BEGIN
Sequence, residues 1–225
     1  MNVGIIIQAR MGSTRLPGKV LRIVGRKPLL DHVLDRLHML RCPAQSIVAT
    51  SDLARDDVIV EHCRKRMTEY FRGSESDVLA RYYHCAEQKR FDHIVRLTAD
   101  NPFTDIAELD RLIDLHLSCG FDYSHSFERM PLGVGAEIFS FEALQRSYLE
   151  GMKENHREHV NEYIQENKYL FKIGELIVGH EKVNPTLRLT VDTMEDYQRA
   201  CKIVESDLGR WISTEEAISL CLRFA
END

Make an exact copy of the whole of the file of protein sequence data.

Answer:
Sequence, residues 1–225
     1  MNVGIIIQAR MGSTRLPGKV LRIVGRKPLL DHVLDRLHML RCPAQSIVAT
    51  SDLARDDVIV EHCRKRMTEY FRGSESDVLA RYYHCAEQKR FDHIVRLTAD
   101  NPFTDIAELD RLIDLHLSCG FDYSHSFERM PLGVGAEIFS FEALQRSYLE
   151  GMKENHREHV NEYIQENKYL FKIGELIVGH EKVNPTLRLT VDTMEDYQRA
   201  CKIVESDLGR WISTEEAISL CLRFA